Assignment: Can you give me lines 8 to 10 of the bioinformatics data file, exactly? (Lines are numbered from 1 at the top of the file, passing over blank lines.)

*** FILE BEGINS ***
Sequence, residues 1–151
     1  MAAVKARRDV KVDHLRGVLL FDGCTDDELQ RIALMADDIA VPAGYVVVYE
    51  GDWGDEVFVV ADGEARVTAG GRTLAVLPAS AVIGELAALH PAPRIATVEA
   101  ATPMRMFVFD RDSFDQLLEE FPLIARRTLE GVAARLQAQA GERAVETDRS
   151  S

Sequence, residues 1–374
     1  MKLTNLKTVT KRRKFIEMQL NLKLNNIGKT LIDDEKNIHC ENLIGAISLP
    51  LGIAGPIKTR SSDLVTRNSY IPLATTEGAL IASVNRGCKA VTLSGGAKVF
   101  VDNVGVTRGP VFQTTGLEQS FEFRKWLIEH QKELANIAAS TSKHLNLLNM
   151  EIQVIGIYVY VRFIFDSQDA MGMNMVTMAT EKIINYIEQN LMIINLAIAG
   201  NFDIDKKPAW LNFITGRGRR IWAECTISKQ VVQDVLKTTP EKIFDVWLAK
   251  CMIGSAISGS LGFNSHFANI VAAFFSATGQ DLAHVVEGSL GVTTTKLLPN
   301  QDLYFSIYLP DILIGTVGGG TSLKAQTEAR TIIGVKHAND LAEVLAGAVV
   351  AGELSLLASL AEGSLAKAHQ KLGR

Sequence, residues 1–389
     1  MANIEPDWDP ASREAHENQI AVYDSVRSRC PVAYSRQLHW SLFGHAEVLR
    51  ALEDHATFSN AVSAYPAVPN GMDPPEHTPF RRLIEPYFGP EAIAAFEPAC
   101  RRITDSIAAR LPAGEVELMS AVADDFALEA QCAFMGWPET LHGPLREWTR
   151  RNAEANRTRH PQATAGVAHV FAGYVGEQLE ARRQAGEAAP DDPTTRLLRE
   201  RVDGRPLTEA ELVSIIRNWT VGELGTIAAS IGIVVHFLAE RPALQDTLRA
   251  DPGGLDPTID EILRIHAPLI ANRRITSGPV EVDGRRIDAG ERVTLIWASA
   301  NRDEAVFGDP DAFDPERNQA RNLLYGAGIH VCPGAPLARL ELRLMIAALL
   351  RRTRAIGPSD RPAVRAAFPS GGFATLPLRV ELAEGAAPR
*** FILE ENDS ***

    51  LGIAGPIKTR SSDLVTRNSY IPLATTEGAL IASVNRGCKA VTLSGGAKVF
   101  VDNVGVTRGP VFQTTGLEQS FEFRKWLIEH QKELANIAAS TSKHLNLLNM
   151  EIQVIGIYVY VRFIFDSQDA MGMNMVTMAT EKIINYIEQN LMIINLAIAG